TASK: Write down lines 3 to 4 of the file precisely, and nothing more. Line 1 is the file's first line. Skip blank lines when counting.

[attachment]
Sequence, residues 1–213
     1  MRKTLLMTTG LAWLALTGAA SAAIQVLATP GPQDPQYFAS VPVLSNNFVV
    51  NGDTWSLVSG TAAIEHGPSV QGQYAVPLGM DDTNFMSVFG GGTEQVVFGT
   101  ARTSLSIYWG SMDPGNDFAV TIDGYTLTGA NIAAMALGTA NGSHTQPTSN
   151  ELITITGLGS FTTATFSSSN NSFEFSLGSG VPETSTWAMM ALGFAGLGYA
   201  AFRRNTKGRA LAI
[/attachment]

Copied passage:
    51  NGDTWSLVSG TAAIEHGPSV QGQYAVPLGM DDTNFMSVFG GGTEQVVFGT
   101  ARTSLSIYWG SMDPGNDFAV TIDGYTLTGA NIAAMALGTA NGSHTQPTSN